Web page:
So is it a loving thing to create "safe places" and not challenge the status quo? Who gets to decide what is "safe" and what is "not safe?" How can Christianity be safe when at the center is the Cross?

This article makes it sound like the slaveholders are the victims - it's a political weapon they are employing and we need to be on our guard when that weapon is imposed by one group seeking to control another.

There are times when I think that outreach ministries like Regeneration and Exodus are the modern Underground Railroad.


Kevin said...

I agree with your logic, except I don't think the slaves were safe!!

They were not safe from beatings, they were not safe from emotional abuse watching child torn from mother.

Safe adj.

1. Secure from danger, harm, or evil. 2. Free from danger or injury; unhurt: safe and sound. 3. Free from risk; sure: a safe bet. 4. Affording protection: a safe place. 5. Baseball. Having reached a base without being put out, as a batter or base runner.

We must learn to not let them steal the language and always having to come up with new terms.

In Christ we are ultimately safe as in #1 but maybe not temporal. A unrepentant sinner my be safe temporal but certainly not eternal. Christ is safe as in #3 as well and as a Church we should strive use #4 in line with #1 eternal by the means of #3.

ABC is using the word as #2 & #4 but in terms of #5. Meaning a runner who is safe plays on, unchanged by events.

Unknown said...

EXACTLY!!!! But the slaveholders used that rationale - you can see in the attached article and the similarity to rationale we hear justifying actions that are tearing apart the bonds of affection of the church is uncanny.

Our safety, our refuge is in Christ and Christ alone - that is true for all people. But his kind of safety does not mean we escape carrying a cross.

Kevin said...

All due & deepest respect BB. The word "safe" *IS* what we are to create in the Church. In part the ABC is fully correct and why he's still holding the high ground.

The Church *IS* supposed to be safe as in align with John 13:34, Acts 4:32-37, Romans 12, Gal 5:13, Gal 6:10, Phil 2:3-4, Col 3:9-13, James 2:1-13 etc.

I think the conscientiousness of the world knows this in that odd way I had unbelievers encouraging to do what was right when my ex. was causing be grieve. They wanted me to live the Christian live, these unbeliever pressed me to let go and be nice. I think we're tasked not only to rebut the politics but also answer the charge, 'yes, a safe place? That means X,Y,Z not as you presented it.'

Truro calls it's congregation a family, which implies safety, families are supposed to be safe. Carrying the cross means making sure it's safe for others. If you enact those verses I cited, it's not safe for you but it does create safety for others. I'm called to the same.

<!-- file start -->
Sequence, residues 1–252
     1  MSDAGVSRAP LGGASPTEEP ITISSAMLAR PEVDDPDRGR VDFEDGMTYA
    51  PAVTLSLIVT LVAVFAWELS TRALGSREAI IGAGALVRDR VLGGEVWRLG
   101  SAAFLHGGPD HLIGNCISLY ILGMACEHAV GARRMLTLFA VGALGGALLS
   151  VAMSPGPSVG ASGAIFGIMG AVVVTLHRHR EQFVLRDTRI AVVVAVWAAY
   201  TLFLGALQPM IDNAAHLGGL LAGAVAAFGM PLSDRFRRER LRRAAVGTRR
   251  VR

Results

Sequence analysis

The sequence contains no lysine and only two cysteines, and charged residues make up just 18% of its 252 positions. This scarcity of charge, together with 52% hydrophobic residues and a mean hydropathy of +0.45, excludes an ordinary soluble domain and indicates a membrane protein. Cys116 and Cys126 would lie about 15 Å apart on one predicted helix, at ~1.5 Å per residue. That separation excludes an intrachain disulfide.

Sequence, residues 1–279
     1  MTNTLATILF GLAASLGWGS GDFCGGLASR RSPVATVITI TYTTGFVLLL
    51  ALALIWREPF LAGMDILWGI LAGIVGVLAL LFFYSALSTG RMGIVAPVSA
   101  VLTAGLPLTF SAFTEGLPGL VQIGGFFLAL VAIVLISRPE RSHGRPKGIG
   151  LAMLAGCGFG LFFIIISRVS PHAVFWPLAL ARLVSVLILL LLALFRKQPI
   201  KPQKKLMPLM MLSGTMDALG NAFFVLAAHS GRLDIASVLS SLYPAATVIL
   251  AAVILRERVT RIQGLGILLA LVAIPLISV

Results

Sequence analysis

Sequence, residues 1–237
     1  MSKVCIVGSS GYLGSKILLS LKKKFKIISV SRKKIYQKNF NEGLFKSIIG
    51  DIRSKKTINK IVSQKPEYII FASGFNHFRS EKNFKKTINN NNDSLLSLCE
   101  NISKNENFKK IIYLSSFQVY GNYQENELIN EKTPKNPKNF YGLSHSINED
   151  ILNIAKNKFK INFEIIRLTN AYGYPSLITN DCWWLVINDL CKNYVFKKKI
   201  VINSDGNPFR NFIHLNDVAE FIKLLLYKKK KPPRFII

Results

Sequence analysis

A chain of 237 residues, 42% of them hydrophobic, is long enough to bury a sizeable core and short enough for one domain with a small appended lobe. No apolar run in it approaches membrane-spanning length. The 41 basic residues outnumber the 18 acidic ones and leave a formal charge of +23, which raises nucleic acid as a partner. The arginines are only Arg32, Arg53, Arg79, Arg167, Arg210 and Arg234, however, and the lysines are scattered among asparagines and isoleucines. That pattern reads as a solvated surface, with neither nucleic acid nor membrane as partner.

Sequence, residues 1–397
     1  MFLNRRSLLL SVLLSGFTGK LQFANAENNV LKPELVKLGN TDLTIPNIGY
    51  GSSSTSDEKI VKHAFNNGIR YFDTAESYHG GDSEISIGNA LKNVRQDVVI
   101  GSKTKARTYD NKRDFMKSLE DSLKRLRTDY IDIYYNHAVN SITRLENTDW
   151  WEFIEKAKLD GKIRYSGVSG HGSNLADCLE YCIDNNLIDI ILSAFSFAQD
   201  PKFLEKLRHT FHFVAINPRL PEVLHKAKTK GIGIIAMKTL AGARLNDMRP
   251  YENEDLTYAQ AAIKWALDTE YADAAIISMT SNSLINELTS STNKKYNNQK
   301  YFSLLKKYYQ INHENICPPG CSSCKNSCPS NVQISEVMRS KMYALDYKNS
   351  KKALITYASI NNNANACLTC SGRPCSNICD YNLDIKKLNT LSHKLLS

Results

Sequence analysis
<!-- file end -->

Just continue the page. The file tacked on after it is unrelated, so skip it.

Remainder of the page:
In that sense I completely agree with the ABC and see something lacking in your point. The Cross is a instrument of slow painful death for yourself and your ego, but it also has a redemptive side that give life to others. Thus the upside down logic, we are to be unsafe so the other is safe, we are to give up so others gain.

Unknown said...

It's not a safe place we need, but a healthy one. Dysfunctional families and churches will take great pains to keep their organizations "safe" from the alchoholic father or the problem-pastor, but safe is not healthy - anymore than safe is not free.

What I am calling attention to is the sly way in which "safe place" can actually be a call to quell dissent and that concerns me greatly. See how it's done in this article:

There is abundant evidence to prove that the black man's lot as a slave, is vastly preferable to that of his free brethren at the North. A Boston paper of recent date tells of a likely negro man, twenty-eight years old, who purchased his freedom in Virginia and removed to Boston.--He is sober, industrious and willing to work, but instead of meeting with sympathy from the Abolitionists, he had been deceived, cheated and driven from their presence. The writer describes him as bemoaning his hard lot, weeping like a child, lamenting that he had ever left his former master, and declaring that if he had the means he would gladly return to the old Virginia plantation. And this, we have reason to believe, is not an isolated case, but the experience of a large majority of emancipated slaves and run-away negroes in the Northern States.

See how the author twists it around to say that it is the South that provides the safe place for slaves, not the abolitionist north. Even the Children of Israel longed for the "safe place" they left behind in Egypt over wandering in the wilderness.

It's one thing to crave safety - it's another thing to be free and healthy. That is what concerns about this political attempt use "safe place" to shutdown dissent and appease immorality.

I do not believe that those who are calling for a safe place are thinking about Regeneration or Exodus as a safe place for homosexuals. In fact, I think they believe it's anything but safe.

What Truro and churches all across the globe should be is healthy and free, loving the sinners sacrifically but not the sin. Showing mercy as we have been shown mercy, for it is God's kindness that leads us to repentance. But it is the road of repentance that we need to walk if we are ever to know the wonder of God's grace through the Jesus Christ.


Kevin - you are such a gift here - you really make me think and challenge me with your posts. Thank you.

Kevin said...

So is that why I had such a hard time at some parishes?

I agree with your calling attention to word play. It is very sly and how the argument has basically been in the hand of others.

I'll not back down from my reasoning we should fight for the word "safe place." I did give Scripture reference that give the target. You can not have healthy until you have safe! Another word for a "safe place" is justice!

I've written long email essays on the subject working out the injustices I've been shown and trying to explain what I mean.